Comments Posted By andy
Displaying 171 To 180 Of 258 Comments


Did tom just invoke SLOT as evidence against evolution?

Wow, this truly is like watching Dumb and Dumberer and Dumbererest and, uh, More Most Dumbereresterest.

C'mon, tom, admit it: you're one of us. This tomfoolery has gone too far; people might really begin to believe you're this nuts!

Comment Posted By andy On 13.08.2006 @ 20:39

plunge - You have remarkable patience.

Comment Posted By andy On 13.08.2006 @ 10:47

you’re a typical darwiniac jackazz…

If the other choice is being a creationist nitwit, well, then guilty as charged!

couldn’t answer my question now, could you?

Your question is meaningless. It's akin to asking why we don't find the Krebs cycle in asphalt.

What is required for evolution that living things have that, say, a computer or steel does not?

If nothing else, you have confirmed the worries of both Rick Moran and PZ Myers: regardless of the root cause, science education is in trouble.

typical wacko if you wonder who is stupid, look in the mirror.

I don't mean to sound all Quantum Leap, but I look just like you!

Comment Posted By andy On 12.08.2006 @ 21:42

again, DARWINIACS have no answers, just try to silence the critics..

Um, genius, my insinuating that you are stupid is in no way silencing you, no more than pointing out that Michael Moore is obese would be silencing the moonbats.

Rather, let's call it "stating the obvious."

I still hold out some hope that you're actually one of us just trying to make creationists look even sillier than they usually do, but I admit that my hope is waning.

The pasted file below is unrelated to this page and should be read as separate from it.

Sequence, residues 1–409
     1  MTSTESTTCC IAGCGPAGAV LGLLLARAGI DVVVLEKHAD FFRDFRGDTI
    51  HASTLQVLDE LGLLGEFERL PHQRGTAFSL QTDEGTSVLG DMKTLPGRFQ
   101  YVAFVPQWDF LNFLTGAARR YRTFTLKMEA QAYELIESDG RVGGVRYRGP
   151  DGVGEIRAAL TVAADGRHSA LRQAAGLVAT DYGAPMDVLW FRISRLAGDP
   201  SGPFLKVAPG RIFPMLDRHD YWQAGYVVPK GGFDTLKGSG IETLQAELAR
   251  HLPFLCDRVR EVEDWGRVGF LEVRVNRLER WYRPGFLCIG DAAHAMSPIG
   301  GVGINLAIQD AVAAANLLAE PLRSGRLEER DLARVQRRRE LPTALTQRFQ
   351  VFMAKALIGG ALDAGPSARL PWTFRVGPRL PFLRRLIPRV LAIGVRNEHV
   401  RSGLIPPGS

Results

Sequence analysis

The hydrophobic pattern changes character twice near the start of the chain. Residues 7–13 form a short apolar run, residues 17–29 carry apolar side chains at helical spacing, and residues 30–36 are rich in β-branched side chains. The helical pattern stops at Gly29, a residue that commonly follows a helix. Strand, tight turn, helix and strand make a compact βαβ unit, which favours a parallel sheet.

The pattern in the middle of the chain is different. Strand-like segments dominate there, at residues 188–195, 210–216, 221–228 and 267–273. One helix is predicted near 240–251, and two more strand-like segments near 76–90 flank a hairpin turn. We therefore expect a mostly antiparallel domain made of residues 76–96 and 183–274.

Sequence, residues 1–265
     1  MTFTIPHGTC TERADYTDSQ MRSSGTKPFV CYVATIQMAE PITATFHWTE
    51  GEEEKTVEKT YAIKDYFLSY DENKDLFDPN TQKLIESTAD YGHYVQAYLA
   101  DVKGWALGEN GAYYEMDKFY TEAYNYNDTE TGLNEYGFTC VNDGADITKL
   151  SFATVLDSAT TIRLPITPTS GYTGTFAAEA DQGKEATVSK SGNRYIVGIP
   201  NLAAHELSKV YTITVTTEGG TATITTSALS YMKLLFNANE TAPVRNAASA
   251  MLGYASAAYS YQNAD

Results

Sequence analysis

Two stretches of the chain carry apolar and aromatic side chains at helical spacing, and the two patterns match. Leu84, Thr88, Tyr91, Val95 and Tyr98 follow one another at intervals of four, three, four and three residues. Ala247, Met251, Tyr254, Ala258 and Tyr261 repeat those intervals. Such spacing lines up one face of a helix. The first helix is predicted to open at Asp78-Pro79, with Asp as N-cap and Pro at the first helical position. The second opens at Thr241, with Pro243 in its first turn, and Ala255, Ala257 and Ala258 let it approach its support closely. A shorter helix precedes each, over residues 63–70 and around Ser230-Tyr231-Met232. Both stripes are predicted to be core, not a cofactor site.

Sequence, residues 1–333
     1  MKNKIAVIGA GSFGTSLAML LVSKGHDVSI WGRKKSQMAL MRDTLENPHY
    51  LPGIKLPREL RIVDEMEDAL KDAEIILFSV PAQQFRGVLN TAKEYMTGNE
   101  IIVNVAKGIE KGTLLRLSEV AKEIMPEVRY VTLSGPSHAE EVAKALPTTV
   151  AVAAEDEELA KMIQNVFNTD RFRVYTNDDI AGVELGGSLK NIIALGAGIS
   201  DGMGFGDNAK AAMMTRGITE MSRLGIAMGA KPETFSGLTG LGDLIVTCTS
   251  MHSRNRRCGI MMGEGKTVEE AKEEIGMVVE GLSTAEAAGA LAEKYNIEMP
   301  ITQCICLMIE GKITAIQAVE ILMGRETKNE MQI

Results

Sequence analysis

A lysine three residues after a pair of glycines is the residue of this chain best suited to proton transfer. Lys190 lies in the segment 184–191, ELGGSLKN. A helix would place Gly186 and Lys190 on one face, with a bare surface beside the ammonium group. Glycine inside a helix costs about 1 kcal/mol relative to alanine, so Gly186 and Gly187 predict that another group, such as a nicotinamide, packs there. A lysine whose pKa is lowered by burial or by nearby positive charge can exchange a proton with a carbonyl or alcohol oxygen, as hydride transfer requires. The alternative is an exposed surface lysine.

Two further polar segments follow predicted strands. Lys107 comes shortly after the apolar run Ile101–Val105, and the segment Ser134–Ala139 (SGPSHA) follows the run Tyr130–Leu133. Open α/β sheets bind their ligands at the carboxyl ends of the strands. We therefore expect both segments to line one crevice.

Comment Posted By andy On 12.08.2006 @ 21:03

Everyone, I stand corrected: they can be that stupid.

Comment Posted By andy On 12.08.2006 @ 20:25

Surely, tom in #6 is doing his best portrayal of a crazy, religious, anti-evolution whackjob just for our amusement. He had me fooled until he got to the part about computers and steel not evolving. I mean, really, no one can be THAT stupid.

Err... can they?

Comment Posted By andy On 12.08.2006 @ 19:59


Change in Government is always slow, cumbersome and expensive. The intelligence system is no different. The political considerations on systems acquisition is one area that has been a huge hindrance to the IC but isn't widely reported. Congress is influenced by a strong defense contractor lobby and even procurement agencies like the NRO to purchase expensive systems over inexpensive ones. The amount of wasted money in the IC is huge. Agencies like the NRO, supported by the defense industry, advocate for expensive space-based capabilities when the same requirement could be met with much less expensive airborne or ground systems. The NRO is black hole for defense money. It's over 15 years since the first gulf war and lessons learned have still not been implemented.

Another issue is the changing nature of intelligence. During the cold war, it took relatively few intelligence assets to meet our requirements. Finding Soviet missile sites, armored divisions, etc. was pretty easy. The Soviet beaurocratic system made our technical exploitation through sigint easy as well.

Today, the picture is much different. Intelligence is THE focus. In all cases, unlike the cold war, the problem is not destroying forces and the enemy, it's finding them. This is a fundamental change in intelligence that we are still trying to meet with many legacy systems and capabilities. In the 80's, it too few intelligence resources to find a Soviet armored division. The problem was having enough firepower to defeat the threat. Today the situation is reversed. We need huge intelligence resources to find and fix targets. Take Zarqawi - the firepower required to take him out was 1 plane and two bombs, but the intelligence required to find and fix that target was monumental. Reversing the entire way we plan and fight adversaries has been a daunting challenge that is still ongoing.